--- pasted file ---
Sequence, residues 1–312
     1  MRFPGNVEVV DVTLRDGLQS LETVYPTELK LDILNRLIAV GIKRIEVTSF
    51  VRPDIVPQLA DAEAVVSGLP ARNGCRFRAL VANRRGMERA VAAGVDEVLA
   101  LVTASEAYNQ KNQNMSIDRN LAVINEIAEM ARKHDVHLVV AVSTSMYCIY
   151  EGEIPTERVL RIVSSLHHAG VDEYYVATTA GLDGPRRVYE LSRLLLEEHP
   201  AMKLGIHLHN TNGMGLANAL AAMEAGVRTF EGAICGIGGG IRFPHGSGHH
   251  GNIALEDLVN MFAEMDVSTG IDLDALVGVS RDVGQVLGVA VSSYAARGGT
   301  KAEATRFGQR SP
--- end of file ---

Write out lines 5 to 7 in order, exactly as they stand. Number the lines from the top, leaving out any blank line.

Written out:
   151  EGEIPTERVL RIVSSLHHAG VDEYYVATTA GLDGPRRVYE LSRLLLEEHP
   201  AMKLGIHLHN TNGMGLANAL AAMEAGVRTF EGAICGIGGG IRFPHGSGHH
   251  GNIALEDLVN MFAEMDVSTG IDLDALVGVS RDVGQVLGVA VSSYAARGGT